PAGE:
The construction sector enjoyed another strong month in April, with building activity accelerating for the third consecutive month and showing the sharpest monthly increase since October.
The latest edition of Ulster Bank’s construction purchasing managers’ index (PMI) — widely seen as the chief health barometer for the sector — shows a 61.3 point reading for April; up from 60.8 in March. Any reading above the neutral 50 point mark represents a sector in growth mode.
April’s growth was driven by housebuilding work, but commercial and civil engineering activity also rose. New business orders and staff hiring levels expanded at sharper rates than previous months and overall rising activity levels led building firms to increase their own purchasing at the fastest pace on record.
“The April results included evidence of broad-based expansion in the sector, as all three sub-sectors posted increases in activity,” said Simon Barry, Ulster Bank’s chief economist for the Republic.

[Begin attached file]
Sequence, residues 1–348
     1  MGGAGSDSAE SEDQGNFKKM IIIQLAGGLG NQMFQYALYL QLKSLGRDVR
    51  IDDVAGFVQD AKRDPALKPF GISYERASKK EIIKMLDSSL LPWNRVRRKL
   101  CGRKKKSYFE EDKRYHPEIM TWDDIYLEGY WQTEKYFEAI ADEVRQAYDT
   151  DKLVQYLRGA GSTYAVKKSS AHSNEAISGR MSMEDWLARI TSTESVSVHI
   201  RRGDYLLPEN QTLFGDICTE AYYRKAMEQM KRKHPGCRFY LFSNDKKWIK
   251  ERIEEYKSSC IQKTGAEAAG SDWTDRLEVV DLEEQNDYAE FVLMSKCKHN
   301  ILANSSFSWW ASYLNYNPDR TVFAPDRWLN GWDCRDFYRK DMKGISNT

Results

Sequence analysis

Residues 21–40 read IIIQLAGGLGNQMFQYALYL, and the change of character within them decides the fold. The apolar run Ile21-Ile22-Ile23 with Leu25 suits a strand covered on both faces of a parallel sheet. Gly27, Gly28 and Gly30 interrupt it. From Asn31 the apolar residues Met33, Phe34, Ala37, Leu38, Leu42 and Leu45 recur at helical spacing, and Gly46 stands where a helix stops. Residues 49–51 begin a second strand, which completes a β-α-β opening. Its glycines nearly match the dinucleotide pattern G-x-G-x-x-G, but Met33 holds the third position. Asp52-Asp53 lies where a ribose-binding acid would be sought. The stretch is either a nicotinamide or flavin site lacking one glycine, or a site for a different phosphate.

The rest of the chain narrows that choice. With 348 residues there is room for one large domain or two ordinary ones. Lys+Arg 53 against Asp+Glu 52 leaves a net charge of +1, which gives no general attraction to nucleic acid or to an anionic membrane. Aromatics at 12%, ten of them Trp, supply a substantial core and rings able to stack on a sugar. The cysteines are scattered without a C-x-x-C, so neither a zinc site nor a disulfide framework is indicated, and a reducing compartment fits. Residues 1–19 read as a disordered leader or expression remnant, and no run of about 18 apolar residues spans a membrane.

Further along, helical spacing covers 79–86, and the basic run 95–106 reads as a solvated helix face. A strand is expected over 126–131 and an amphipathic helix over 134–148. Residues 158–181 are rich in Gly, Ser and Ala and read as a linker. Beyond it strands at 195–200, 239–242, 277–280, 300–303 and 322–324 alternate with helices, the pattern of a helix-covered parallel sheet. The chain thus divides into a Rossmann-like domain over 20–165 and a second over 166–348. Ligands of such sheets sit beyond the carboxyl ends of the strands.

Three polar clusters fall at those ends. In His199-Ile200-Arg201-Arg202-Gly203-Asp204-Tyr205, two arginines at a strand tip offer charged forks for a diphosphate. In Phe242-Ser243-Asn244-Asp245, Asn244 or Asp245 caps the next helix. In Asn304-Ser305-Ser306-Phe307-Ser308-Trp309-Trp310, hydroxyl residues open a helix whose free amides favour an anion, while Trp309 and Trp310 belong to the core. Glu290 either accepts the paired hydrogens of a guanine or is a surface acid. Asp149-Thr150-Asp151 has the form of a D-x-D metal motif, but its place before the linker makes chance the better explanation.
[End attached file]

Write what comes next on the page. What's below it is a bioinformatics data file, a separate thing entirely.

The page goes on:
He added: “Civil engineering saw a welcome return to growth last month, interupting a five-month sequence of declines in activity. Commercial activity also expanded at a very rapid rate, albeit the pace of growth slightly eased in April.
Residential construction remains an area of particular strength with housing activity accelerating further to become the strongest activity category in April. “Survey respondents reported strong momentum in the housing sector, along with improving economic conditions more generally, are likely to sustain favourable dynamics in construction activity over the coming 12 months,” Mr Barry said. Indeed, sentiment levels amongst construction firms improved last month. Nearly 60% of respondents predicted a rise in construction activity over the coming year. The further rise in employment levels meant hiring has increased for 44 straight months.
Meanwhile, while the rate of input cost inflation eased in April, it remained substantial and above average with a number of respondents reporting higher prices for aluminium, copper and steel.
© Irish Examiner Ltd. All rights reserved